Gerry Hughes: In 1988, in the middle of Ireland’s last economic crisis, the Minister for Finance in the Fianna Fáil Government, Ray McSharry, imposed a levy on pension funds for one year. In his Budget speech he justified it by noting that “funded pension schemes enjoy a very favourable tax regime in respect of pension contributions, investment income and lump-sum benefits.” The levy was opposed by the pensions industry and by employer and trade union organisations on the grounds that it would have serious consequences for pension funds. It didn’t. Pension fund assets grew from €6.4 billion in 1988 to €7.5 billion in 1989 and to €39.6 billion in 1999.
Last week the Minister for Finance, Mr. Noonan, proposed a levy of 0.6 per cent per annum on pension assets. It is expected to yield €470 million per annum to pay for a four year programme of measures which the government hopes will stimulate urgently needed jobs in tourism and other sectors of the economy. Nevertheless, the pensions industry is even more opposed to the Minister’s proposal than it was in 1988. Indeed the reaction from the industry has been so strong this time that the Minister has described it as “quasi-hysterical”. The Minister went on to say that the Government “was pulling back a very small proportion” of the tax relief from which the industry has benefitted over the years. How small is this proportion in relation to the amount the Government has contributed to pension fund assets in recent years, in relation to the pensions industry’s annual earnings and in relation to the annual value of the subsidy which the Government will continue to provide for pension funds?
Well the annual Statistical Reports of the Revenue Commissioners show that during the period 1998-2008 the cumulative net cost of pension tax expenditure amounted to €28.5 billion. In relation to the amount the Government has contributed, therefore, the levy is certainly small. It is also small in relation to the amount which pension funds are now in a position to earn on assets which they have mainly invested in international financial markets. The expected yield from the levy suggests that pension assets are now worth at least €78 billion. Rubicon Investment Consulting reports that in 2010 the average managed fund earned a rate of return of 11.1 per cent. Even If the rate of return were to fall significantly over the next four years, it should be manageable for the industry to use its earnings to absorb a charge of around €0.5 billion a year. The levy is also small in relation to the annual subsidy which the Government provides for pension funds through tax forgone on pension contributions, the investment income of the funds and lump sum payments on retirement. In the three years 2006-2008 the value of the tax forgone was about €3 billion each year. Because of the loss of value of pension assets during the present crisis the cost of the Government’s annual subsidy is likely to be around €23/4 billion. A levy of 0.6 per cent would, therefore, claw back 17 per cent of the annual cost of the tax expenditure on pensions.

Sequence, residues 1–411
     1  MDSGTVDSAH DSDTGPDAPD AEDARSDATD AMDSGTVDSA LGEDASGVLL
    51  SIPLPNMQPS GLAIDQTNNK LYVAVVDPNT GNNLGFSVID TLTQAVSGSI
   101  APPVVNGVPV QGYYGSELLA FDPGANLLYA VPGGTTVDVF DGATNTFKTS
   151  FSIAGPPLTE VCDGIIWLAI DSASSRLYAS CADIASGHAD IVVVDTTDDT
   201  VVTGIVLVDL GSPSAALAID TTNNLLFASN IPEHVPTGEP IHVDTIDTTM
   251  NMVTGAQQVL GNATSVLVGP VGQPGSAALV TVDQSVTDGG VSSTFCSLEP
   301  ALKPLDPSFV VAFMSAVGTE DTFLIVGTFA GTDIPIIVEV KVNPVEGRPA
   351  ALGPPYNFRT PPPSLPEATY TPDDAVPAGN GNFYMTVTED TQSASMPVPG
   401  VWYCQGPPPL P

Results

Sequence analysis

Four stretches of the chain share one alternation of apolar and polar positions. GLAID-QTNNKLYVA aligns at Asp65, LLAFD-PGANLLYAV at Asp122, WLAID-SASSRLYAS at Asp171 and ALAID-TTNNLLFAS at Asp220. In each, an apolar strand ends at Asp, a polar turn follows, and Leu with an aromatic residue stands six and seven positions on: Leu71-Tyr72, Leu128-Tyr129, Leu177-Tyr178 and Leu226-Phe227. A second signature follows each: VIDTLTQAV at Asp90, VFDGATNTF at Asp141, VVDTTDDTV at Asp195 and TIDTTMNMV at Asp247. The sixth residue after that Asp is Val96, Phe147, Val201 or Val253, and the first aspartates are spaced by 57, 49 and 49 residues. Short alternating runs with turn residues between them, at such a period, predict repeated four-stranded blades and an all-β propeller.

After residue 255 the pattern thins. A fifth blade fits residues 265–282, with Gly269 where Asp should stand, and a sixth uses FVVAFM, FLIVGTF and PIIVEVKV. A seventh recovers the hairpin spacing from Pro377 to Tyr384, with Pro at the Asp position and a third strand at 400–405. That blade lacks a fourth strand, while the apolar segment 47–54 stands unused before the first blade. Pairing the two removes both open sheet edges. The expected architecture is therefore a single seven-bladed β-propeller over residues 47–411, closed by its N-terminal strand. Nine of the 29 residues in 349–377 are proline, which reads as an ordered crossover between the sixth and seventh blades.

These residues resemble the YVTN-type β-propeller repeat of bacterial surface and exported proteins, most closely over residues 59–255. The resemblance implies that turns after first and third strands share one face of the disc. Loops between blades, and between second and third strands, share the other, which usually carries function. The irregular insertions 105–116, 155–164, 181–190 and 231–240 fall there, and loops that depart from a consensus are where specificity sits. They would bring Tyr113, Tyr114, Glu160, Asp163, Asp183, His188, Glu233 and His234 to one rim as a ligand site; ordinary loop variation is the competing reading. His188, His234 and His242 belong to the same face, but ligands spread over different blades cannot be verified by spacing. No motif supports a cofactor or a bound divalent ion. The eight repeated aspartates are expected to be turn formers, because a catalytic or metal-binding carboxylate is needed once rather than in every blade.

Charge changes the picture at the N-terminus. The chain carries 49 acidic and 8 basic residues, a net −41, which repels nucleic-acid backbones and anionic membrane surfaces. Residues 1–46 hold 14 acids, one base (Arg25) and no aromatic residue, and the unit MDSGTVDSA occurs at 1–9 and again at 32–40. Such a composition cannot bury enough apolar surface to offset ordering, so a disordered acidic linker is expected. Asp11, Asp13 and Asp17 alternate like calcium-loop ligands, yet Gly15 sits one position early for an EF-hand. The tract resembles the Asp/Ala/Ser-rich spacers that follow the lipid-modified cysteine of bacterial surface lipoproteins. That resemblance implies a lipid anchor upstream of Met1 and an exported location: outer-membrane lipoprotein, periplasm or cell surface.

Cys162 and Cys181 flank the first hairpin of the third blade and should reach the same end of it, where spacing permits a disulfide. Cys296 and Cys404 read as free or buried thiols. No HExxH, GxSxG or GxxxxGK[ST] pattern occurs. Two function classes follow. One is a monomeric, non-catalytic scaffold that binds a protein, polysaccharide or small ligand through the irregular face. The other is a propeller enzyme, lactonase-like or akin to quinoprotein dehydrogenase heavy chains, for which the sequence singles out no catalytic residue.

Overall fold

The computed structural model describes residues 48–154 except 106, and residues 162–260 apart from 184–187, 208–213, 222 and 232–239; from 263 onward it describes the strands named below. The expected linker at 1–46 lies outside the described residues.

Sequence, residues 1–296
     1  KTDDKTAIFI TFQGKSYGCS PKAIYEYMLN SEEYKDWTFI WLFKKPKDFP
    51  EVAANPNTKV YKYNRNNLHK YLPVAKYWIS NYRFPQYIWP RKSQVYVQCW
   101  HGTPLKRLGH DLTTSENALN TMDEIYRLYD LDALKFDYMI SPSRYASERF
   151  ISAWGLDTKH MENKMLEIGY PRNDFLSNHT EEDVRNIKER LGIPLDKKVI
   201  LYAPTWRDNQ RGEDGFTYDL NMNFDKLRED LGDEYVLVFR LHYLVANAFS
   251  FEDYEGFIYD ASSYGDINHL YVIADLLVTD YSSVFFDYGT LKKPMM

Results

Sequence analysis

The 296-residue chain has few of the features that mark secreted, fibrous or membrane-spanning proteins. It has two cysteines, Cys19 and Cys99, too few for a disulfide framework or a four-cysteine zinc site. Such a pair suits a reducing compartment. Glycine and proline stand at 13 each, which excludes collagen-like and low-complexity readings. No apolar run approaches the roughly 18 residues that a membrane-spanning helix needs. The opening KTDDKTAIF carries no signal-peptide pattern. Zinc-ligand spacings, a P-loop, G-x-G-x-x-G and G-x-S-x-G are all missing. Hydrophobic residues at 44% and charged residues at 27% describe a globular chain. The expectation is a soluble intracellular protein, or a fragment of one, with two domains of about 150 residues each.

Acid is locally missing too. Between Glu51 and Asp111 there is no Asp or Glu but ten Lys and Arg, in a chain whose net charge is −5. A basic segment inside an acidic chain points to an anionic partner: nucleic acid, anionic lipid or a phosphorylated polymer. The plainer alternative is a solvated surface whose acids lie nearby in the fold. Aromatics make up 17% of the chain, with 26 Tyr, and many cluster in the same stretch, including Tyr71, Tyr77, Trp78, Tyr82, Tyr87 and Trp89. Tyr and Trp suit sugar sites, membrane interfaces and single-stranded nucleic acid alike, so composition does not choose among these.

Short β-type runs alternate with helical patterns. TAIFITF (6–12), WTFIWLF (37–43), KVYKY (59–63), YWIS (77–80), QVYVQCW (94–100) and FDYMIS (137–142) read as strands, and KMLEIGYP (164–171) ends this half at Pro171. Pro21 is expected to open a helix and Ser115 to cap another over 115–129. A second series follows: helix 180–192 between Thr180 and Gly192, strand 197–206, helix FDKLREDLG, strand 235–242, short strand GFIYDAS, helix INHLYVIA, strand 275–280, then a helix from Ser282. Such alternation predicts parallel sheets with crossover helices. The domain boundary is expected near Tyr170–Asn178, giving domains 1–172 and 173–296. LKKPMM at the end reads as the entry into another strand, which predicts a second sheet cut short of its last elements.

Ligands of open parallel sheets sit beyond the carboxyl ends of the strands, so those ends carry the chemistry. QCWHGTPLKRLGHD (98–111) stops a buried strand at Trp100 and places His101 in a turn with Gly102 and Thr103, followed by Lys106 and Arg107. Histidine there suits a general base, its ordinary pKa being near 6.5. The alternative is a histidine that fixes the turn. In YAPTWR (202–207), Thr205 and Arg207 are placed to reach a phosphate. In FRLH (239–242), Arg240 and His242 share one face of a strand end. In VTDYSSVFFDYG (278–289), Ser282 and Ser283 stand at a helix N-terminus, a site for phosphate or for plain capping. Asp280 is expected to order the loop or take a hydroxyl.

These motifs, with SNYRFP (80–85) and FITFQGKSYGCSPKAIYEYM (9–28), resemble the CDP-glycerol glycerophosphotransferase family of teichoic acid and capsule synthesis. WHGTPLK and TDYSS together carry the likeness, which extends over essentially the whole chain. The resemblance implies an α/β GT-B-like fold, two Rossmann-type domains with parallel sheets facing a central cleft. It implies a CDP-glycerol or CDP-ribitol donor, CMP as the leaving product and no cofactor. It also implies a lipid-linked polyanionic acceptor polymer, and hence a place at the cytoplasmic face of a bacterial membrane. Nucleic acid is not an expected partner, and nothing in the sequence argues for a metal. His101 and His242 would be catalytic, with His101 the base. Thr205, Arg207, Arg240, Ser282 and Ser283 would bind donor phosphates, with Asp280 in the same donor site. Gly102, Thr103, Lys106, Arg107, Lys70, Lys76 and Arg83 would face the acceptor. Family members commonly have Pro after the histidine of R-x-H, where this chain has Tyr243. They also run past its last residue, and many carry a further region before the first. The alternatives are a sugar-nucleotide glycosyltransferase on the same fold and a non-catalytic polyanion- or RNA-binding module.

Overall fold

Apparently the Government discussed with the pensions industry the option of standard rating pension tax relief, as has been done for other tax reliefs. The ESRI estimates that standard rating the reliefs could yield €1 billion per annum. The TCD Pension Policy Research Group, Tasc, Social Justice Ireland, the OECD and other commentators have all argued that standard rating would be a fairer policy. Not surprisingly, the pensions industry rejected a policy which would create greater equity in the tax treatment of pension funds by reducing tax relief for top rate taxpayers but involve no change for those paying the standard rate. Instead it suggested “one alternative option, …, would be a levy on pension fund assets” (see here. Having got its way, the pensions industry should absorb the levy either by reducing its costs and becoming more efficient, as other sectors of the Irish economy are being required to do, or by paying it out of current earnings or out of the annual subsidy which the Government will continue to provide over the next four years.
The debate over the levy on pension assets has exposed the Government’s lack of information about the pensions industry’s charges for different types of funded pension schemes. The Taoiseach has said that he will ask the Minister for Finance and an Oireachtas committee, before the next budget, to examine alternative ways of raising the money to pay the levy by cutting costs in the pensions industry. Such an inquiry would be welcome but its terms of reference should be broadened to ask why all taxpayers have to pay higher tax rates to subsidise an industry which benefits a relatively privileged minority of the population?
Gerard Hughes is an economist specialising in labour market issues relating to pensions, employment and migration. He worked at the ESRI where he was a Research Professor. A founding member of the European Network for Research on Supplementary Pensions and of the Pension Policy Research Group in Ireland, Gerard has published a number of reports on the coverage of pension plans, tax expenditure on pensions and pensioners’ incomes, as well as reports for the OECD and the ILO on private pensions in Ireland. He has contributed to and co-edited a number of books on pensions including Reforming Pensions in Europe and Personal Provision of Retirement Income.